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Posts: 11
Reply with quote  #1 
While walking down a city-owned rail-trail today with my wife we spotted hops growing- LOTS of hops! It's a friggin' mother lode to be honest.     I won't be surprised if I end up with a garbage bag full of hops. They look very healthy, are very moist and close to being ready if not already there.  Has anyone ever used wild hops they have found? I really don't know much about growing or harvesting hops, but my brother grows them and so do my friends, so at least I knew how to spot them.

Obviously I don't know what variety they are or what their Alpha Acid content is. Several of the clusters we found were very mature and bushy. They had taken over a small junk-tree of some kind and were using that for spreading out. We're talking a LOT of hops here. Wish I'd have had my digital camera! I figured I would pick a bunch, use some inexpensive grain and try brewing a generic Ale of some kind. Do I need to dry them out first or are they better when fresh like that?  Since the fresh ones obviously weigh more how would I determine how much I need to brew with (Assuming 10-12 gallon batch size) .

I brought a few home along with some leaves. I can e-mail a picture if anyone is interested.

Am I all excited about nothing or are wild hops worth messing with?


Posts: 5
Reply with quote  #2 
You must first determine if the plant (or more likely plants) is male or female: male hop flowers must not be used in brewing. You must also determine if there are other plants in the area, that no male are in the around so the female flowers are not pollenized (in which case you would get seeds, which is bad).  I don't know how does a male flower looks like, but I'd bet you will be able to see stamens in such a case.

Since you won't have any data about the alpha content, make a small test batch with neutral malt extract (which saves lots of time compared to an all grain one).  Another approach is to use it as your last hopping (aromatic hop).  To determine the suitability, boil a handful of fresh (or dry) flowers and smell.  If it smells interesting, make a small test batch with a known variaty of hop has principal hops, not too bitter not to hide the aroma of your test hops, and a "normal" amount of your wild ones has the aromatic hop.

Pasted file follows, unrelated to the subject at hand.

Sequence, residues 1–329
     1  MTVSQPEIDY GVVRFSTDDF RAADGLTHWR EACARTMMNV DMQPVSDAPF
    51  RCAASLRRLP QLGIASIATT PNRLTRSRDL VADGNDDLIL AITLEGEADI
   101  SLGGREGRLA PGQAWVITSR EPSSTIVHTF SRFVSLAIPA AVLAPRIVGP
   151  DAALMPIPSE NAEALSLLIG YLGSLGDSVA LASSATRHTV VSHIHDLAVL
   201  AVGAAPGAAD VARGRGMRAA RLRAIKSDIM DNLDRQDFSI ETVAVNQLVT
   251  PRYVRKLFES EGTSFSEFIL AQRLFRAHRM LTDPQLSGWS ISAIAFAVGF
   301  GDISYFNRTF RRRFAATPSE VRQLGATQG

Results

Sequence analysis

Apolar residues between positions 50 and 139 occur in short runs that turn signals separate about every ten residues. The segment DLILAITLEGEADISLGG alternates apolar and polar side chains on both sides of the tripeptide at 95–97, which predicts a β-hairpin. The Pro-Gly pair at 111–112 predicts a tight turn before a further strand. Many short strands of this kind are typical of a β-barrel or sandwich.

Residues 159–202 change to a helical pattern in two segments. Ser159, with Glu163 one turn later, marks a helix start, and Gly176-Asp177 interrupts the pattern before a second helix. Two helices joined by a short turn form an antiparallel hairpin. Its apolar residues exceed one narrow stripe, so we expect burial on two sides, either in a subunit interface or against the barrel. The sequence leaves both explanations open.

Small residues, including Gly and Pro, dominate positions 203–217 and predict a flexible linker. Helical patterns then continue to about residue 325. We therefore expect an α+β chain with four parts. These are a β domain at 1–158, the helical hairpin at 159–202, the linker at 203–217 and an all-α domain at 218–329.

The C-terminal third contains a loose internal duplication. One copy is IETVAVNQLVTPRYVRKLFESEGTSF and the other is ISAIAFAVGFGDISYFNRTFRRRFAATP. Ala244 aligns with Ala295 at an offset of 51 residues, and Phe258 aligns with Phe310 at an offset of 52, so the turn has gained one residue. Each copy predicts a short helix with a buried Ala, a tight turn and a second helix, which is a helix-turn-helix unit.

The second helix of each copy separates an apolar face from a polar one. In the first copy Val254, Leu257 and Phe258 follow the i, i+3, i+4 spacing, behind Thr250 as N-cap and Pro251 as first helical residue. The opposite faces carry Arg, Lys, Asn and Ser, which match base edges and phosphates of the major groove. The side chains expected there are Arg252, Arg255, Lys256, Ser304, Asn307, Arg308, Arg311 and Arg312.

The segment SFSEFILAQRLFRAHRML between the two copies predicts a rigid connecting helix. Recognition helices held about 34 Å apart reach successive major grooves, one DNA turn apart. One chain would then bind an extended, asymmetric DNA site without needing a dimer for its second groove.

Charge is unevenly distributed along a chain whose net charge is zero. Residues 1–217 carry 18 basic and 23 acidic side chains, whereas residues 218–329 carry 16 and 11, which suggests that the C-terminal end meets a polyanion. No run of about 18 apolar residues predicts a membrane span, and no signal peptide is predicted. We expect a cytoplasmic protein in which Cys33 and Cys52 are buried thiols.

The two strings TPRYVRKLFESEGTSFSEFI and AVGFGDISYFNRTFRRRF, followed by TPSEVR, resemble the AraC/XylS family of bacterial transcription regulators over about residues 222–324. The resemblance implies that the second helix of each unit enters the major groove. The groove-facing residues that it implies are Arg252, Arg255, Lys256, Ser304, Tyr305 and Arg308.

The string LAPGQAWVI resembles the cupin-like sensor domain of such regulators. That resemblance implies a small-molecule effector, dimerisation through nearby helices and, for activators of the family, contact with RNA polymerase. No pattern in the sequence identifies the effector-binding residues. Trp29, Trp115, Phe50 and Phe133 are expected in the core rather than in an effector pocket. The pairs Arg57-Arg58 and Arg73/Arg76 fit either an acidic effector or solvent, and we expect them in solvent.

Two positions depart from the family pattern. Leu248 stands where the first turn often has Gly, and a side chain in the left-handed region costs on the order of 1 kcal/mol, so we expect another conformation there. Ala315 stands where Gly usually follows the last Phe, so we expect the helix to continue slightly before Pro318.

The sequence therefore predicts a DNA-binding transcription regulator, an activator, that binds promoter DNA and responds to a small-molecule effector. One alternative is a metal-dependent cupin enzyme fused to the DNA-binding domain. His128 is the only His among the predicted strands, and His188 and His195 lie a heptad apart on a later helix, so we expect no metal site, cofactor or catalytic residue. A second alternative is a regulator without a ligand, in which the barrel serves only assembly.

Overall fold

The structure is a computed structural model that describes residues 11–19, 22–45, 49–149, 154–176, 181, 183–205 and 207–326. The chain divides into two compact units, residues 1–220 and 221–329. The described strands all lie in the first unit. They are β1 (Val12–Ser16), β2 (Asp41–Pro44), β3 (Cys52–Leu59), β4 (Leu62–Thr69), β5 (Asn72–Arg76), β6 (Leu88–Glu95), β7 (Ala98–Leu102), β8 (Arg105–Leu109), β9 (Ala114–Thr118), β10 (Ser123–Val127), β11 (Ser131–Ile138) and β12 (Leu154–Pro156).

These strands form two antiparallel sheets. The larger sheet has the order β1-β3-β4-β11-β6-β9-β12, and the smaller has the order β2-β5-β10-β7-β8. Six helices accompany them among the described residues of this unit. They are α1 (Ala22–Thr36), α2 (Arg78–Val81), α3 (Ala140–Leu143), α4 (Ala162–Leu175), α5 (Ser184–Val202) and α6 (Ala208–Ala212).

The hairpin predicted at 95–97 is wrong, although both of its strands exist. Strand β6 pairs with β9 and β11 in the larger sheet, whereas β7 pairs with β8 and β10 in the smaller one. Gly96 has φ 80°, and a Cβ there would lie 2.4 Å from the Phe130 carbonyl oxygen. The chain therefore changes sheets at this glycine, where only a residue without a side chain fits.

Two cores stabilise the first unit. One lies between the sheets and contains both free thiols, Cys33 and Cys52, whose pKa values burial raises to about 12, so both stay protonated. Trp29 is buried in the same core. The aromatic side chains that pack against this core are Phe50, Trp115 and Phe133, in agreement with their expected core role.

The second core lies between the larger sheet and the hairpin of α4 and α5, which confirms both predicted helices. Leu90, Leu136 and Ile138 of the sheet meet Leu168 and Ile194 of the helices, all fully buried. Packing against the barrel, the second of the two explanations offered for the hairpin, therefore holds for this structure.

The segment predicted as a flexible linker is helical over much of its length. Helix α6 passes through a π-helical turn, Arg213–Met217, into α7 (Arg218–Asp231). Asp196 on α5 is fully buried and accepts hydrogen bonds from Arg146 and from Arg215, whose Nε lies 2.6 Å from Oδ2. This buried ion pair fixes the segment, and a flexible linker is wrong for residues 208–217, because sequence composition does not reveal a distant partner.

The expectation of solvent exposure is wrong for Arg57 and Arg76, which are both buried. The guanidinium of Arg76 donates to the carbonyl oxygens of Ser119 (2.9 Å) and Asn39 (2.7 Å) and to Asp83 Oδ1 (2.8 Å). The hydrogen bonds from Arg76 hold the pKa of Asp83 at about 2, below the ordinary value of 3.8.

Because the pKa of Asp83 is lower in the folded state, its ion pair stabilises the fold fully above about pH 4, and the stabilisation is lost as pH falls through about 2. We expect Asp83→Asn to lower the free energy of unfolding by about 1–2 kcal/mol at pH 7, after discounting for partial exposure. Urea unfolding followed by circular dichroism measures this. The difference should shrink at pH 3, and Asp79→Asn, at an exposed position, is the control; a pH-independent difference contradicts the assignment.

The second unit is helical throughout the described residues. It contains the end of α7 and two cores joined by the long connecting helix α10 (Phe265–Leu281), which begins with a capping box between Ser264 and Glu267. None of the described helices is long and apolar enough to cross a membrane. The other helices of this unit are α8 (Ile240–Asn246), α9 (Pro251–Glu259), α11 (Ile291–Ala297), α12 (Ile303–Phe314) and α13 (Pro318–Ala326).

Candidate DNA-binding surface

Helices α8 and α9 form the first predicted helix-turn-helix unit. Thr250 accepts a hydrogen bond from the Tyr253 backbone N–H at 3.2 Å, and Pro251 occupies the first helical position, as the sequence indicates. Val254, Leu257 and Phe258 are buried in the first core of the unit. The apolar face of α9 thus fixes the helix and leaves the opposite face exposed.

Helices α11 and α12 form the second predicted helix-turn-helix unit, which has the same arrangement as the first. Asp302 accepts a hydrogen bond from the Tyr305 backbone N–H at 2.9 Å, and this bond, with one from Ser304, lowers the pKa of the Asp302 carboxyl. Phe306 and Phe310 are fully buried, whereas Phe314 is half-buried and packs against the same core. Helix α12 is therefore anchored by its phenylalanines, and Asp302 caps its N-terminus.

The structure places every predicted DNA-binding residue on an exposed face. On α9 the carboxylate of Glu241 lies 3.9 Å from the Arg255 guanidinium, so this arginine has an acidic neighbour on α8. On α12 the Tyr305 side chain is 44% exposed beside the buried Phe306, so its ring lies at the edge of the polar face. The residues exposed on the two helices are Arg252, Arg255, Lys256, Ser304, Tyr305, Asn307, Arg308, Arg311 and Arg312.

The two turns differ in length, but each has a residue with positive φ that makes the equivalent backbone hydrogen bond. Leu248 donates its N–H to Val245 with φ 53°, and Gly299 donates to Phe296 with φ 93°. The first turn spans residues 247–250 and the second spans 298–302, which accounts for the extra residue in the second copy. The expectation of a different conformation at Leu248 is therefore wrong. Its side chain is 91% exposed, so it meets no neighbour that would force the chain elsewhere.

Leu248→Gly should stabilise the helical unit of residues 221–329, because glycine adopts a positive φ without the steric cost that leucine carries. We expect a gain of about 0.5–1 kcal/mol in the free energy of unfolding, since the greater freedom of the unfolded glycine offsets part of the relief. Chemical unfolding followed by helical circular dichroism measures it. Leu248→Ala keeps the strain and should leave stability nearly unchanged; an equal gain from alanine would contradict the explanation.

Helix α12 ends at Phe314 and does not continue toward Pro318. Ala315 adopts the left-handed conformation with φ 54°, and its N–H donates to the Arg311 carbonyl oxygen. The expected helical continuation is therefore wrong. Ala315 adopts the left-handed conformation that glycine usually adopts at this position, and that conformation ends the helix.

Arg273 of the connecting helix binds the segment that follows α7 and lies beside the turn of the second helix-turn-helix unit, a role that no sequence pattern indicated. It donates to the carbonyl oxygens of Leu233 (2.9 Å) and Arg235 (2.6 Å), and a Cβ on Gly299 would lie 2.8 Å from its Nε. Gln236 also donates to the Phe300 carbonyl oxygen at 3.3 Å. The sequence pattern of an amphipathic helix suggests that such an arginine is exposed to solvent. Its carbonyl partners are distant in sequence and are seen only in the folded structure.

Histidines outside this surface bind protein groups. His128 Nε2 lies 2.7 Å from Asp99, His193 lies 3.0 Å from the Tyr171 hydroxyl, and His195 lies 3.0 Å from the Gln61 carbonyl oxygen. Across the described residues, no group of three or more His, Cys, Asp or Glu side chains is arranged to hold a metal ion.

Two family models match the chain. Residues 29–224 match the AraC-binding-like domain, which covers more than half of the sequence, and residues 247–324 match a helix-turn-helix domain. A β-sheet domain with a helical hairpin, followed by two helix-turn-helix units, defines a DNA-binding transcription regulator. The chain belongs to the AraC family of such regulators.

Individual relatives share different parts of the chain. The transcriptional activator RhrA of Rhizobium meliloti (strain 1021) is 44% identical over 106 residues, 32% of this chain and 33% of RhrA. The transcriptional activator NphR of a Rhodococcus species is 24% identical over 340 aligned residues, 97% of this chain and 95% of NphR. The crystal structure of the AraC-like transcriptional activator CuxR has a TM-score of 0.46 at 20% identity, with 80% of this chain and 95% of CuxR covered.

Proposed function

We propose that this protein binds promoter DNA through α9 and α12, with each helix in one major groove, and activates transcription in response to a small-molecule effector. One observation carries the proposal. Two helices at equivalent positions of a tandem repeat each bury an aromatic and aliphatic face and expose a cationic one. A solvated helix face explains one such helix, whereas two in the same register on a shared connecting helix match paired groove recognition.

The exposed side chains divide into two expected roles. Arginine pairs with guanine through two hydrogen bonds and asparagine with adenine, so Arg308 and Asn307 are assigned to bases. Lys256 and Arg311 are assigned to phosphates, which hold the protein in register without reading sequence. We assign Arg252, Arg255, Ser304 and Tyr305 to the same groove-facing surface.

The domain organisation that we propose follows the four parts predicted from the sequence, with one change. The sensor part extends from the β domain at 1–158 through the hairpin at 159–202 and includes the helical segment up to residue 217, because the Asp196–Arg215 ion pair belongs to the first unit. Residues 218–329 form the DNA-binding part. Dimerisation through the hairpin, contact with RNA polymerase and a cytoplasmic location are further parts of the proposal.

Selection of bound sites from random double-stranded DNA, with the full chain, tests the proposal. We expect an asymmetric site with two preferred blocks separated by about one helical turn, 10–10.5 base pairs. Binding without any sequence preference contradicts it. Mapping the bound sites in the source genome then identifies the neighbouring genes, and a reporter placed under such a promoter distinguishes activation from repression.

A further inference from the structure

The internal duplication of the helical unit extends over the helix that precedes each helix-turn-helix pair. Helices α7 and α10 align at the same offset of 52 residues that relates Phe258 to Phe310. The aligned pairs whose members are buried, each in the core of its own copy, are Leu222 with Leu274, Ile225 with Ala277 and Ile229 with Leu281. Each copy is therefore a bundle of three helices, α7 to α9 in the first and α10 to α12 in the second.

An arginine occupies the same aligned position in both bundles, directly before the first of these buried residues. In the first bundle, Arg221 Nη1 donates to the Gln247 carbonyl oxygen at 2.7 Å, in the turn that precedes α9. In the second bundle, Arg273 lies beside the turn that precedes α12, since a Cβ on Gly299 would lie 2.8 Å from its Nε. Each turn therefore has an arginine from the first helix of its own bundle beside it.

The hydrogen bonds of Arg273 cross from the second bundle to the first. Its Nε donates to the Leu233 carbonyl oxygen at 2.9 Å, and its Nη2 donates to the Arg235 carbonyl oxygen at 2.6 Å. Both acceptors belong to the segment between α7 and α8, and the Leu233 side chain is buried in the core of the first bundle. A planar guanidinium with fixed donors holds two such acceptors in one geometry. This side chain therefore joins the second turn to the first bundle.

I think I have seen something on about using raw (fresh) hops a couple of years ago, but I have no memeory about the quantity to use; but I know it was (and probably still is) a tradition in Europe to brew a batch with fresh hops at the end of harvest.

I'd like to know how it turns out.


Posts: 11
Reply with quote  #3 
Thanks for your reply. Well the good news is that they are a majority of female plants.   The bad news is that they have seeds.   I'm assuming this makes these unsuitable for brewing?

Either way, coming upon this huge growth of wild hops was a thrill. I will be taking pictures of these plants real soon if anyone is interested.


Posts: 1
Reply with quote  #4 

I just saw this post.  Are the hops still there?  Have you thought about culling the male vines?  Or digging some female rhisomes?


Just thought I'd ask.


Type at you later...



Torrington, WY


Posts: 4
Reply with quote  #5 
I think you can still use them if they have seeds, it's just a pain in the ass!

Enligsh EKG's commonly have seeds, for instance.

Go with a small test batch from extract and scale up.

I believe the basic conversion from fresh to dried hops is you want to use SIX TIMES the weight.  But you might want to check with someone else on that!

Posts: 3
Reply with quote  #6 
Jack mowing the lawn boosting on the roads, previous the audience start to prevent. The cops ceased him to ask: "Why are you driving by so fast?" Port replied: "I'm sorry, my braking system bad, so I want to drive to be fixed as soon as possible, so as to prevent injuries."! '
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